French roast coffees, cocoa, heavy toast, and molassas laden maltiness set the stage, but the complimentary notes of licorice, raisons, red grapes, blackberries, and figs all make marks on aroma.

Rich and lavish flavors of the coffee and cocoa dominate the palate while a dance of walnuts, figs, anise, berries, and a dash of sherry begin to decorate the peripheries and announce themeselves individually with each sip. Very complex as layers upon layers of flavor come wave after wave. Delicious throughout, especially for those who like their stouts with more estery character. Even the hops combine with the yeasty phenolics for an increased bitterness, citrusy, and white pepper impact especially in the finish.

Full bodied and extremely creamy, the beer takes on chewy proportions until after mid palate where the carbonation disipates and the malty-dry textrues usher in an alcoholic warming and peppery spice on the tongue and throat.

The Belgian yeast strains seem to be keep the stout a bit clean but create a salty, briney flavor along with estery fruitiness and phenolic spices. All come together in a very bitey and bitter conclussion. Though not preferred to the standard IRS, this Anise Belgo version is a great variant from the original.

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Photo of MCorrea
4.33/5  rDev +23.7%
look: 4.5 | smell: 4 | taste: 4.5 | feel: 5 | overall: 4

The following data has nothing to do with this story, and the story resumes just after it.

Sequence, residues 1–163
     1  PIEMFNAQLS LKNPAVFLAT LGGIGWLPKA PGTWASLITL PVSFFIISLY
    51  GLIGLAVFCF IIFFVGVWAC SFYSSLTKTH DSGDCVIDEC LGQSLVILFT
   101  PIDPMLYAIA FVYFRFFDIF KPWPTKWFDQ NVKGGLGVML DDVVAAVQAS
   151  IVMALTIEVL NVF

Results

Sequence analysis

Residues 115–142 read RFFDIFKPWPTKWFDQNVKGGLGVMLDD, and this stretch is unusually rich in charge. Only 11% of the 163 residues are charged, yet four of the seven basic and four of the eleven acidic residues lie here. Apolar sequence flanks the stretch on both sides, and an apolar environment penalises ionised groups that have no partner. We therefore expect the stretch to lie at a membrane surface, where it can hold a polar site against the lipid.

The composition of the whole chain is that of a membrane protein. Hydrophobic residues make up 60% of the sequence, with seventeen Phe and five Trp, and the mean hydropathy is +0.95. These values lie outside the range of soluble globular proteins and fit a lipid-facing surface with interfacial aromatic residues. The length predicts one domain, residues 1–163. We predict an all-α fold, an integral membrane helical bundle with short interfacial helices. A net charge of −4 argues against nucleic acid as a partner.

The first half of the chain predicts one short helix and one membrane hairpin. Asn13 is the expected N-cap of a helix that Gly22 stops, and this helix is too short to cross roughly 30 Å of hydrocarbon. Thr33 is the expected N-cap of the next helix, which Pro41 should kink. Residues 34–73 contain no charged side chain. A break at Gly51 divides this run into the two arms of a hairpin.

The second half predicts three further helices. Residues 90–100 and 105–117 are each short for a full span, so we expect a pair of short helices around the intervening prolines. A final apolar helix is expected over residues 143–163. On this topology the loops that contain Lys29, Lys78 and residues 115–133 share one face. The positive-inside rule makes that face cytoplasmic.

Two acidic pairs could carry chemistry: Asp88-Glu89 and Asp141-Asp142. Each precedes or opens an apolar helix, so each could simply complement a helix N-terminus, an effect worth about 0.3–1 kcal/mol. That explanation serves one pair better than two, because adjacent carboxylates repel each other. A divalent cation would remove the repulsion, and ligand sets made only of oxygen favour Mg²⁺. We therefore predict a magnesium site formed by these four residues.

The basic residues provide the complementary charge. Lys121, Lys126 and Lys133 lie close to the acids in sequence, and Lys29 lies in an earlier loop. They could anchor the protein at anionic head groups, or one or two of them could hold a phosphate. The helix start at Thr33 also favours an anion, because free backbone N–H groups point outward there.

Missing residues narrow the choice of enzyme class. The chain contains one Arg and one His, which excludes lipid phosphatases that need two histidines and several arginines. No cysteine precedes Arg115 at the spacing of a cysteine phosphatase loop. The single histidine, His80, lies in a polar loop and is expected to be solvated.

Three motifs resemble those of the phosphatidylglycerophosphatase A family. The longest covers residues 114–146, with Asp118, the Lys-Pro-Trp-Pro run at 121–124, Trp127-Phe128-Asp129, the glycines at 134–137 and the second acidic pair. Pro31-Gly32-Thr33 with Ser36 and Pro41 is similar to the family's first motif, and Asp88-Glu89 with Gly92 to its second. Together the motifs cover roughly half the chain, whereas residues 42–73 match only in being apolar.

A- Pours pitch black with with an off white head. The head quickly fades, leaving a tan collar.

S- Lots of licorice and Dark chocolate. As the beer warms up, the anise really comes to the forefront.

T- A wallop of licorice, chocolate, slight oak.The anise rises to the forefront on the finish. I'm surprised that I don't taste as much of the belgo yeast influence as I was expecting. Especially since it was so apparent in the Belgo Old Guardian (and not really in a good way).

M- Probably my favorite part of this beer. Nice, chewy, creamy, smooth. Wonderful.

O- A cool interpretation of an already solid beer. Stone IRS ages with the best of 'em, so I'm going to stash one away and revisit in a few years.

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Photo of DoubleSimcoe
3.83/5  rDev +9.4%
look: 4 | smell: 3.5 | taste: 4 | feel: 3.5 | overall: 4

IRS Belgo Anise on tap at Valhalla in Hell's Kitchen, NYC, part of an upcoming Stone event there. Surprised to find this new release on tap after I just had and reviewed the bottled version.